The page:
A 2022 round-up of reviews of works in translation from Arabic, Turkish, Farsi, Dari, Pashto, Kazakh, Russian, French and Spanish.
In this lyrical follow-up to her Man Booker International prize-winning novel, Celestial Bodies, Jokha Alharthi explores love, desire and language through three generations of an Omani family.
If you happen to have a few hours to spare and a swash to buckle, here are two rousing epic adventures from Persia and the Middle East to fill in the time. If we think of Persian epics, the two titles which probably come to mind are Ferdowsi’s Shahnameh and Vis and Ramin by Fakhruddin As’ad Gurgani, both available in excellent Penguin translations by Dick Davis. There’s also Matthew Arnold’s Sohrab and Rustum, which is based on an episode in Ferdowsi’s poem. As for Arabic ones, the massive (and anonymous) Thousand and One Nights is the best-known.
Year in year out Spain produces 1,500 kilos of that delicate spice, saffron, sold wholesale for US$700 per 100 grams. Gourmets were puzzled a few years back when 1900 kilos of Spanish saffron hit the market. Food inspectors soon discovered that the yellow powder contained traces of the flavorless plant root, or worse, animal droppings. The huge increase in volume came from the diversion of Iranian saffron, whose sale is stifled by the American embargo, to Spain’s packagers. Along the way crooks put their fingers on the scale by adding the impurities. Similar scams were practiced by spice dealers in 13th-century Damascus, involving precious products like myrobalan, agarwood, ginger, indigo, musk, ambergris. “Wise up to these things,” exhorts the Book of Charlatans, this newly translated compendium of tricks, cheats and phony spells.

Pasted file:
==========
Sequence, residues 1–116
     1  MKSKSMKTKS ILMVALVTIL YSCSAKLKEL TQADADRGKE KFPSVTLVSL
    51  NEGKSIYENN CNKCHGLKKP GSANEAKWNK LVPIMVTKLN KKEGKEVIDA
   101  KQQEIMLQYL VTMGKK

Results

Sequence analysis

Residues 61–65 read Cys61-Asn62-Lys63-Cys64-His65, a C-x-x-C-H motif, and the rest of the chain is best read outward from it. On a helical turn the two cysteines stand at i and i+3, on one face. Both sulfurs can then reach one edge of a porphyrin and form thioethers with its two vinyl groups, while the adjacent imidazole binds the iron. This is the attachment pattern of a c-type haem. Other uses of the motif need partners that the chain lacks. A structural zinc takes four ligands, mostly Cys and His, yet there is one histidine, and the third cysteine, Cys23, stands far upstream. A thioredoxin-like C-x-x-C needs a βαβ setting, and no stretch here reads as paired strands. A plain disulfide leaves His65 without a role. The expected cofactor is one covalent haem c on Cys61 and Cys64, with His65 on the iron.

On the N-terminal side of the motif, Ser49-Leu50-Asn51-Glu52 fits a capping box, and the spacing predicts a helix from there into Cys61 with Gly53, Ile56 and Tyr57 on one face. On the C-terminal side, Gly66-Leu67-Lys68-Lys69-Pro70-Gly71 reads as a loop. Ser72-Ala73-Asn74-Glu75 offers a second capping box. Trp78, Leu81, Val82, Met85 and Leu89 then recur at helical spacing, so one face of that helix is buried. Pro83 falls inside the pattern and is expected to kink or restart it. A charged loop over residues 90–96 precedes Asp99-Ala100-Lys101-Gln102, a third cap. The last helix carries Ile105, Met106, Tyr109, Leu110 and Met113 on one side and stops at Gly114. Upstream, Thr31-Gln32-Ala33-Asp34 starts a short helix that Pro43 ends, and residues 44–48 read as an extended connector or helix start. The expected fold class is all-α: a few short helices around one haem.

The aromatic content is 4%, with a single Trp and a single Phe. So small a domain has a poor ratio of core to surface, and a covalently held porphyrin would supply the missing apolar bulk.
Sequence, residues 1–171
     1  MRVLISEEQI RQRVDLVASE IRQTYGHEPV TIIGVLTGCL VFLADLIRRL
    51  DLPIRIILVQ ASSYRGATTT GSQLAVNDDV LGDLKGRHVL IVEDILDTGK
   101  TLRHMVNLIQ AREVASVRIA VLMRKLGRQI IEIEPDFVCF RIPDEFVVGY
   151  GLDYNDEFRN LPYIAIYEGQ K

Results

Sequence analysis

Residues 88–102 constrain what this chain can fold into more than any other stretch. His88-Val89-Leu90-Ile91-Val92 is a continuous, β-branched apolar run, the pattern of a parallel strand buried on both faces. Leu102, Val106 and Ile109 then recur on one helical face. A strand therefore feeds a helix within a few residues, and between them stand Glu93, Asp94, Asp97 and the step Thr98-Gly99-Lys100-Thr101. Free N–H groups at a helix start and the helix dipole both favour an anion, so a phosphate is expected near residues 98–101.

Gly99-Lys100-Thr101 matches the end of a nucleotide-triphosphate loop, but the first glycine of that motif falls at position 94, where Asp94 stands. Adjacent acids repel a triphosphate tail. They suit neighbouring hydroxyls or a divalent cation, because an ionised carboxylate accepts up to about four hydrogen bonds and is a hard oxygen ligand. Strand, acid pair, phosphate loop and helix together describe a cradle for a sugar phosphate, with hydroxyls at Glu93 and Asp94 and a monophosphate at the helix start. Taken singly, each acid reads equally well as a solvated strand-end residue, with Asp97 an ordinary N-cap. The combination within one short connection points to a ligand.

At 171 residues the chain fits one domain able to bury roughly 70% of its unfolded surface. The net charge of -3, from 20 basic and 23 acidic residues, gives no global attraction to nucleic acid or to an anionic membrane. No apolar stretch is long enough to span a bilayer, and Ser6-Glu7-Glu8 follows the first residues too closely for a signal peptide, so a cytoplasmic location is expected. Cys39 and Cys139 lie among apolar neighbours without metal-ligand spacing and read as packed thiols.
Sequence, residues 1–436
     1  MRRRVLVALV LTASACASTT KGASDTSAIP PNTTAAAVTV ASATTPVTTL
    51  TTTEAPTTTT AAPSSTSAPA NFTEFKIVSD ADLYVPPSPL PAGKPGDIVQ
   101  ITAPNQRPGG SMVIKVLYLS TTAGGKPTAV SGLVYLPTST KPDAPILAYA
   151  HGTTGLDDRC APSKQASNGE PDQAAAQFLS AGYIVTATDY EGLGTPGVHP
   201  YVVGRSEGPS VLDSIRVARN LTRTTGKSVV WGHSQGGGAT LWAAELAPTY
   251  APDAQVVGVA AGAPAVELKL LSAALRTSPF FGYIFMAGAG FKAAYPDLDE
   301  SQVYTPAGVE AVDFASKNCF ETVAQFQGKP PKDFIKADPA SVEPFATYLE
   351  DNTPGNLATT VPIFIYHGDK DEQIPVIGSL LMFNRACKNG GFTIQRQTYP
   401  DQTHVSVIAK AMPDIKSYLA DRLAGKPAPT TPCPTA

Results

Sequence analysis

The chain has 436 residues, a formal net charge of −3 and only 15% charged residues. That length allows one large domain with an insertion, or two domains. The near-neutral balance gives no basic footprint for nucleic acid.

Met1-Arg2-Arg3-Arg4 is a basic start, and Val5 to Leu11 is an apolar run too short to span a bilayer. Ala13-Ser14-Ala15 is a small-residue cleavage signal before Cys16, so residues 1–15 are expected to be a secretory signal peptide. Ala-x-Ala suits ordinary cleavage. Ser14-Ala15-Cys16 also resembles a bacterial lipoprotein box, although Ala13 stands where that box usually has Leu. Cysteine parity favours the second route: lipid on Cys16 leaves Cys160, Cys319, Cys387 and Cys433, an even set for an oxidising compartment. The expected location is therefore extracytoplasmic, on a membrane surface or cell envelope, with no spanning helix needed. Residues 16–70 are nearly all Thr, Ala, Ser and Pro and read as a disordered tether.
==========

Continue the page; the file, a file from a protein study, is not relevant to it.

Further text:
The title of this book is the first “imposture”, flouting the venerable approach of calling this 12th-century Arabic classic the “Assemblies” or the “Seances of Hariri”. Maqamat means a halting place, where an audience might sit around and tell stories. It can, at a stretch, mean “to get up”, focusing on the storyteller standing before his audience. With “Impostures” as the title, Michael Cooperson, a professor of Arabic literature at UCLA, puts us on notice not to expect a traditional translation. The Maqamat recounts in 50 episodes the impostures of the protagonist Abu Zeid, posing as beggar, poet, plaintiff, scholar or sufi, in order to con money out of his appreciative and affably gulled assembly of listeners. He succeeds in opening their purses by deploying the most dazzling verbal gymnastics imaginable. Acrostics, palindromes, rhymed verse, rare words, this does not even begin to describe the extent of Abu Zeid’s rhetorical arsenal.
In the Sahara Desert, Ukhayyad, the son of a powerful tribal leader, receives a camel as a gift. The Mahri camel is not an ordinary breed. It is beautiful, unique. Ukhayyad develops an endearment towards the animal which only grows and runs parallel with his coming-of-age. Gold Dust, its English edition recently republished, follows their bond, as events quickly trouble their tranquillity.
In a collection of essays penned by Arab women reporting from the Arab world, one can expect destruction and bullets, bodies and despair to litter the pages. And rightfully so. Our Women On The Ground: Essays By Arab Women Reporting From The Arab World does not shy away from the front lines and splashes copious amounts of reality onto readers who dare to venture into its chapters.